'Sneaky Puffs" -- Heather Mills
Sneaky Laws, sneaky puffs.Enshrining racism in state anti-cannabis laws = sneaky law.Unconstitutional Taxing of Cannabis ("Marihuana") to avoid passing a Constitutional Amendment = sneaky law.Paraphernalia laws = sneaky law.Evicting people from government-sponsored housing for cannabis possession = sneaky law.Cutting cannabis users off from student aid = sneaky law.Restricting cannabis from huge 1000 feet 'school zones' = sneaky law.Arming local law enforcement with army surplus weapons = sneaky law.Increasing penalties on cannabis possession if a 2nd Amendment protected gun is present in a home = sneaky law.Passing higher penalties from cannabis possession than for rape or murder = sneaky law."Marijuana" tax stamps = sneaky law.Prohibiting research on medical cannabis benefits = sneaky law.Sneaky Laws, sneaky puffs.Legalize it!
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Comment #24 posted by Paint with light on April 27, 2010 at 23:46:09 PT
We're all bozos on this bus
Someday the clowns will run the circus.Memories from Firesign Theater.Squeeze the wheeze!That is our sacred mount.It's a beaut.No it's a mount.Legal like alcohol.
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Comment #23 posted by Hope on April 27, 2010 at 20:46:36 PT
Sensimilla Jones
:0)
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Comment #22 posted by Sinsemilla Jones on April 27, 2010 at 19:54:35 PT
You're quite welcome, Hope
Always happy to get someone back to their political roots.:)
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Comment #21 posted by IIzzaacc on April 27, 2010 at 15:39:39 PT:
Ford invents wheat/hemp plastic body panels
Popular Mechanics, December, 1941Over in England it's saccharine for sugar; on the continent it's charcoal "gasogenes" in the rumble seat instead of gasoline in the tank. Here in America there's plenty of sugar, plenty of gasoline. Yet there's an industrial revolution in progress just the same, a revolution in materials that will affect every home. After twelve years of research, the Ford Motor Company has completed an experimental automobile with a plastic body. Although its design takes advantage of the properties of plastics, the streamline car does not differ greatly in appearance from its steel counterpart. The only steel in the hand-made body is found in the tubular welded frame on which are mounted 14 plastic panels, 3/16 inch thick. Composed of a mixture of farm crops and synthetic chemicals, the plastic is reported to withstand a blow 10 times as great as steel without denting. Even the windows and windshield are of plastic. The total weight of the plastic car is about 2,000 pounds, compared with 3,000 pounds for a steel automobile of the same size. Although no hint has been given as to when plastic cars may go into production, the experimental model is pictured as a step toward materialization of Henry Ford's belief that some day he would "grow automobiles from the soil." When Henry Ford recently unveiled his plastic car, result of 12 years of research, he gave the world a glimpse of the automobile of tomorrow, its tough panels molded under hydraulic pressure of 1,500 pounds per square inch from a recipe that calls for 70 percent ofcellulose fibers from wheat straw, hemp and sisal plus 30 percent resin binder. The only steel in the car is its tubular welded frame. The plastic car weighs a ton, 1,000 pounds lighter than a comparable steel car. Manufacturers are already taking a low-priced plastic car to test the public's taste by 1943.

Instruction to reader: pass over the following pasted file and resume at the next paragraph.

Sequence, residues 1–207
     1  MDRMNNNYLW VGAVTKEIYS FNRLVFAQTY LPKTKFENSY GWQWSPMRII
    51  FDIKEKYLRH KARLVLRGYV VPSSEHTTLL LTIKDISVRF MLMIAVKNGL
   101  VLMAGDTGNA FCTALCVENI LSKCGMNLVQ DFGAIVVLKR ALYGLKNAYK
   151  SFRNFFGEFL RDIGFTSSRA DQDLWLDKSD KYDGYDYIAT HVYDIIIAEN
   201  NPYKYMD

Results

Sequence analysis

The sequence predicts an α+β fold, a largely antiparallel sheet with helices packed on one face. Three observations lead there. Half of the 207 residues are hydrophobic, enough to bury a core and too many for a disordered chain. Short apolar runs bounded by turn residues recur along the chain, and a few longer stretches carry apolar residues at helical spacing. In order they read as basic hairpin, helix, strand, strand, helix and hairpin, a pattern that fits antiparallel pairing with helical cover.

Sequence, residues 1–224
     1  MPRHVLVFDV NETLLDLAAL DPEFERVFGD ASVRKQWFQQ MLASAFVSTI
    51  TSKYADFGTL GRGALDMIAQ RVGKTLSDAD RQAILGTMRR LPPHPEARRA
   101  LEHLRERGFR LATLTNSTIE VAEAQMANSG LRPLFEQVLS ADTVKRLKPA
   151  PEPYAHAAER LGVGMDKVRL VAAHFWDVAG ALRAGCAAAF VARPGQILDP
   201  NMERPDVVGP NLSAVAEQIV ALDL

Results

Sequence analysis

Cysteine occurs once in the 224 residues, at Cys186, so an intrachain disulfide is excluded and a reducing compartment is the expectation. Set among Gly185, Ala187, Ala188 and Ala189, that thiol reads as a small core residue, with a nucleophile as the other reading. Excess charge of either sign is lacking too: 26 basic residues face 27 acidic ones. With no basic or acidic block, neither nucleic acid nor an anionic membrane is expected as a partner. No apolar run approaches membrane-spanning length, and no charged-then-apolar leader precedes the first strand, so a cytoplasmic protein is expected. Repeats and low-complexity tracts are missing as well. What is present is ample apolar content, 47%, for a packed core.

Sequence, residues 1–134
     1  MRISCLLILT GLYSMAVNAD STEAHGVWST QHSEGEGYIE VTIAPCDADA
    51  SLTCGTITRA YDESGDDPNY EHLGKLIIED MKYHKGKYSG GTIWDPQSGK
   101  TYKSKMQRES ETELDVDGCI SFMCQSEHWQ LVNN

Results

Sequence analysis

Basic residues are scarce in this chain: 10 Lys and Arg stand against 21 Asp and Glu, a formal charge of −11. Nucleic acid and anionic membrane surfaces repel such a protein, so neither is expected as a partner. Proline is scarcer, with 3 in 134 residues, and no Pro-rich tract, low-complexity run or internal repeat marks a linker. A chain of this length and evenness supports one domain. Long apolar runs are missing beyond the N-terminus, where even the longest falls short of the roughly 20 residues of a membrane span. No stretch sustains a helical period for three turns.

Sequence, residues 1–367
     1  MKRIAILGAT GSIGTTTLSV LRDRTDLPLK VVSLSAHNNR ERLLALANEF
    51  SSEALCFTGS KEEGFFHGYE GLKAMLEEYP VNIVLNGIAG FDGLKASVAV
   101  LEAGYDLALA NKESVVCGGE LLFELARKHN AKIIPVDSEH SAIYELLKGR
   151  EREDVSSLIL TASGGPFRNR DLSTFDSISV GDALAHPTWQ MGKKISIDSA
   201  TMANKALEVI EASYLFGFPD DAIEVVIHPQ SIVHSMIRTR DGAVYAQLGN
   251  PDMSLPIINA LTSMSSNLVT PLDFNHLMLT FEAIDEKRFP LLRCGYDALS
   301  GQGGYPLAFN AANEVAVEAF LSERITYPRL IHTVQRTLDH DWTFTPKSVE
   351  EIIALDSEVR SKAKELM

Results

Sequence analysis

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Comment #20 posted by ezrydn on April 27, 2010 at 05:20:15 PT:
Research, Please
The writer of this column made a glaring mistake. He said no foreigners were involved with alcohol prohibition. I guess none of the hootch came out of Canada nor Mexico, eh? You can plant and tend grass anywhere. Stills and distilleries are another animal entirely.Isn't Logic 101 still required in the US to get a degree? 
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Comment #19 posted by Hope on April 27, 2010 at 03:59:31 PT
Thank you so much, Sensimilla Jones
You reminded me, this fine morning, of where I stand politically. I'm a Marxist. Groucho Marxist.
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Comment #18 posted by Sinsemilla Jones on April 26, 2010 at 21:50:22 PT
Everything You Know Is Wrong
Yes, and Communism was invented by Groucho Marx and John Lennon.Which proves my premise that comedy and rock music are communist plots.After all, I did thorough research after reaching my conclusions....I looked at some Firesign Theater album covers for a few seconds.(Sorry, I lied. I didn't even look at the Firesign Theater albums, and just now looked them up on the internet to find I was wrong in thinking that Everything You Know Is Wrong had Marx and Lennon on the cover. It was actually How Can You Be In Two Places At Once When You're Not Anywhere At All, but don't let that dissuade you from believing everything I made up.)
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Comment #17 posted by The GCW on April 26, 2010 at 19:25:10 PT
IIzzaacc,